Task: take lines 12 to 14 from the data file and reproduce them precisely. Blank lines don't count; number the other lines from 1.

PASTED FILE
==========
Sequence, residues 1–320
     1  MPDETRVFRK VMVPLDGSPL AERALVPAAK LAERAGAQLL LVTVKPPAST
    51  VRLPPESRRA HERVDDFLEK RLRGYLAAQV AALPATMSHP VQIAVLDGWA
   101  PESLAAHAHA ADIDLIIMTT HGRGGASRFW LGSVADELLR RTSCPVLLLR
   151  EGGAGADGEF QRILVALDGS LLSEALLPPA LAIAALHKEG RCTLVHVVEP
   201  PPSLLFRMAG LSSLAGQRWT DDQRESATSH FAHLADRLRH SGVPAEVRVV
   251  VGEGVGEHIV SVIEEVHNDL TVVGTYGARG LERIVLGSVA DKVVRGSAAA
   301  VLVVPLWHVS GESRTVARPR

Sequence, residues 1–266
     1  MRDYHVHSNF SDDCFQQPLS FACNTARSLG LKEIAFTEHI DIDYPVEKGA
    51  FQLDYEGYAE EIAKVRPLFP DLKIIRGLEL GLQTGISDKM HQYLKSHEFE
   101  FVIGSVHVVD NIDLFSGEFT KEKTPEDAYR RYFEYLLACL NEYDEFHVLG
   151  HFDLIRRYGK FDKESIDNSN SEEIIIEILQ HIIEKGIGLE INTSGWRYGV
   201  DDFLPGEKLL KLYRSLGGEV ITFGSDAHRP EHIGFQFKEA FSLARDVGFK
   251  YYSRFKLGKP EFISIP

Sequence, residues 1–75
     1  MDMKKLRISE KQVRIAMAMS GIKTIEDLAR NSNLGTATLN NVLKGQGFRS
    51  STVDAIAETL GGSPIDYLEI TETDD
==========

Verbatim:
   101  FVIGSVHVVD NIDLFSGEFT KEKTPEDAYR RYFEYLLACL NEYDEFHVLG
   151  HFDLIRRYGK FDKESIDNSN SEEIIIEILQ HIIEKGIGLE INTSGWRYGV
   201  DDFLPGEKLL KLYRSLGGEV ITFGSDAHRP EHIGFQFKEA FSLARDVGFK